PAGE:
(3 minute read)
There’s no doubt the pandemic has seriously impacted the automotive industry, with OEMs, suppliers and dealerships seeing a sharp drop in customer demand. But the pandemic is only one piece in a series of challenges the industry has been facing – mostly driven by the move toward Connected, Autonomous, Shared and Electric (CASE) initiatives.
Automotive OEMs and their suppliers will need to address current supply chain disruptions, production capacity issues and workforce constraints in the short, mid and longer term. This includes taking a look at strategies to increase operational efficiency and meet business continuity objectives, along with expanding digital tools and platforms.
Taking a different approach to digital transformation will be key to future success. This will require moving away from the traditional model of lengthy technology projects toward a more service-based approach that provides a quicker, smarter way to respond to changes in technology, the industry and the business.
Challenges and Opportunities in the ‘New Normal’
Preparing for the ‘new normal’ will require a thorough review and reprioritization of current strategic roadmaps and investment efforts. This includes looking for opportunities to optimize existing business processes and taking steps to improve supply chain visibility and lines of communication to better detect and remediate potential issues early.
The following are a few of the challenges that can also become opportunities for future growth:
- Aftermarket Service: Service and repair will likely become a significant part of the automotive business, as both consumers and businesses postpone purchasing new vehicles. Automotive aftermarket service companies will need to look for ways to optimize and improve service processes, while providing a great customer experience through digitalized touchpoints.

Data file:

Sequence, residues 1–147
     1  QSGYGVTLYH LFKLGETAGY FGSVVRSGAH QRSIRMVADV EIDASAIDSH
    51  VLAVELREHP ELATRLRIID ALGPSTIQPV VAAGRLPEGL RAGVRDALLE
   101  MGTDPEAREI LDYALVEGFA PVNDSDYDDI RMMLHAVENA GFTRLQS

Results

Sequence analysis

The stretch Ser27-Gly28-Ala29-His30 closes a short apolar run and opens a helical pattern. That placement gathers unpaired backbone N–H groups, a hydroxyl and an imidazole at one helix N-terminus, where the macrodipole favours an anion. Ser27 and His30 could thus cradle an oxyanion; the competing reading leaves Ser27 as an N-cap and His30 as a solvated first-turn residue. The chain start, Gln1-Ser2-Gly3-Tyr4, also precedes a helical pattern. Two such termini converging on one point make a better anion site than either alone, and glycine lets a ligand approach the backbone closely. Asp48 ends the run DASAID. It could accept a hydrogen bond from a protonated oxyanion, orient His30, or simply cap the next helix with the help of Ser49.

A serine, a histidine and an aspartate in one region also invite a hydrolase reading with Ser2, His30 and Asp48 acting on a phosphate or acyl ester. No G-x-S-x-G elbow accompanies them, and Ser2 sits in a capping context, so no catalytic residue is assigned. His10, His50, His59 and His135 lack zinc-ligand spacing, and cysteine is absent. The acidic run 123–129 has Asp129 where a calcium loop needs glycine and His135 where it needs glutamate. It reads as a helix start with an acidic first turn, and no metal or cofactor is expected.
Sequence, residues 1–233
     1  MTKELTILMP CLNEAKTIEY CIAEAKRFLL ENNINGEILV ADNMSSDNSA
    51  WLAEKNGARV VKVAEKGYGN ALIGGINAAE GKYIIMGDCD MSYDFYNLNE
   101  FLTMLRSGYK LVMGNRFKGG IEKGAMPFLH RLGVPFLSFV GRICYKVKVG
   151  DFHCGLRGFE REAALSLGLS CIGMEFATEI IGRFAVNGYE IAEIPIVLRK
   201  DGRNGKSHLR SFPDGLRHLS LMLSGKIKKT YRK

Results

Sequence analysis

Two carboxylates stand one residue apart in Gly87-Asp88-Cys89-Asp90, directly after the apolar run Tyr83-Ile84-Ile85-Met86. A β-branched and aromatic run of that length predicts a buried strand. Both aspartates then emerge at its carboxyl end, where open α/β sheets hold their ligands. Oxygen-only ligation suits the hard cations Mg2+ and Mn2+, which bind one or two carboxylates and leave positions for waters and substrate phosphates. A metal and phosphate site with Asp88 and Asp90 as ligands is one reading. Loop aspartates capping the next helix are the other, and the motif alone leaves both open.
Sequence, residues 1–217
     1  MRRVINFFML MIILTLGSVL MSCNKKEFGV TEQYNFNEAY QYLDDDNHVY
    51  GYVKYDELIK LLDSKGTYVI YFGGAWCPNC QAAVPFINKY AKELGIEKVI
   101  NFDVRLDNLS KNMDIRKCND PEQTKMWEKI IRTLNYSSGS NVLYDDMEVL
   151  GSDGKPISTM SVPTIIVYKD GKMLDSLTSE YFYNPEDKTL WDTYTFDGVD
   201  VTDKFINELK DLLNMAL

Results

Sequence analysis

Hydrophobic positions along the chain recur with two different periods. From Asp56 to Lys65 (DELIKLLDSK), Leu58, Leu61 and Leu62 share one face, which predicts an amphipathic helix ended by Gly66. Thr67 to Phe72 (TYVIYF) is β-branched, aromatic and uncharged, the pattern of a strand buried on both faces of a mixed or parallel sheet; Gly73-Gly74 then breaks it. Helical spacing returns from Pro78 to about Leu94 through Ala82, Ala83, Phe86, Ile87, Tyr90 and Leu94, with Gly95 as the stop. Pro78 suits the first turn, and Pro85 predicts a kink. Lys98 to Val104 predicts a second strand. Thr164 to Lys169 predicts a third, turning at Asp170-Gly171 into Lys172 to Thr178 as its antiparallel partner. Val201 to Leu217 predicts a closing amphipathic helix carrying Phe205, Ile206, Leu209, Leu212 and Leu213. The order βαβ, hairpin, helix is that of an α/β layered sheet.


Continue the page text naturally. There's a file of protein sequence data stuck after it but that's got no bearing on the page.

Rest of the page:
- Supply Chain Visibility: Automotive companies must continue to improve their digital supply chain planning and provide better visualization and optimization of the entire supply chain. This will involve integrating processes for demand, inventory and operations planning to enable collaborative decision making.
- Manufacturing & Outbound Logistics: The pandemic has significantly disrupted the current manufacturing environment, with some plants operating at lower capacity. Using this time to analyze and improve manufacturing processes can result in greater manufacturing efficiency, with cost reductions and an overall higher quality of parts.
The Path to a New Digital Strategy
It’s not surprising that companies that were further along the path toward digital transformation are adapting to the crisis better than their peers. The changes made to their business models and working processes allowed them to pivot more rapidly or accelerate changes already underway.
But taking on large-scale transformation projects no longer makes sense in the current climate of uncertainty, where no one can see far enough ahead to make long-term plans. The automotive industry needs a new approach that will make its transformation efforts fast, flexible and forgiving.
This new approach is Digital Transformation as a Service (DTaaS). No matter what your business challenges may be, itelligence has an approach that allows you to capitalize on new opportunities without a massive capital investment, and with the ability to pivot and refocus as business conditions evolve.
- A dynamic technology roadmap to plot your course
- A flexible delivery model so you can pivot, as needed
- Subscription pricing – simple, easy, affordable
This new approach can help you break down barriers so your business can continue to grow – even in these uncertain times.
For more information about how your business can rethink its digital strategies, I encourage you to download our e-book, Rethinking Digital Transformation for the Automotive Industry.